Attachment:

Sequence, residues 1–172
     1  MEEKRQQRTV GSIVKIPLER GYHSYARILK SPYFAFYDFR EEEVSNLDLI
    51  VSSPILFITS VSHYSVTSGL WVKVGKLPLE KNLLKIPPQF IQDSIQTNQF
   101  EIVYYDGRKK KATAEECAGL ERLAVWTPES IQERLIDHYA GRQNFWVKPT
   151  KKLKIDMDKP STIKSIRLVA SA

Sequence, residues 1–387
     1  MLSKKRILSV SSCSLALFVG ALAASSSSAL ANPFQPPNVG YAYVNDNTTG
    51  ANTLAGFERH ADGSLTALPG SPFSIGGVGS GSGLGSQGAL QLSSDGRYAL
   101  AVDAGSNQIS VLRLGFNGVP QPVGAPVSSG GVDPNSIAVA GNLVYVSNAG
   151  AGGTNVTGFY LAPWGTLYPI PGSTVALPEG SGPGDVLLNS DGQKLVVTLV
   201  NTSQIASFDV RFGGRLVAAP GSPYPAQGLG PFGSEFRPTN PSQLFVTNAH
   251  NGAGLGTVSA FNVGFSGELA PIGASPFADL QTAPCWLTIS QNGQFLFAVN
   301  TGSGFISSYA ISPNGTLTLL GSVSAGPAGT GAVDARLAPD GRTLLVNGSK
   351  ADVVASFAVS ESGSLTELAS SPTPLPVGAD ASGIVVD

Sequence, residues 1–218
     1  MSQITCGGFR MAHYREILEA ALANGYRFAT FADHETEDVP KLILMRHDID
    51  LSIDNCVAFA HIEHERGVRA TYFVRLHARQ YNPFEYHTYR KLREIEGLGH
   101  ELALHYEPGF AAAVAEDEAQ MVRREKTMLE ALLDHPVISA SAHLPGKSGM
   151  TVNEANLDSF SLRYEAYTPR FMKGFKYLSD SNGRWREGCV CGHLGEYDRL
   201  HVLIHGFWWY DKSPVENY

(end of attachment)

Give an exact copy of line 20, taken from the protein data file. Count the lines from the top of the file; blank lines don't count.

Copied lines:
   201  HVLIHGFWWY DKSPVENY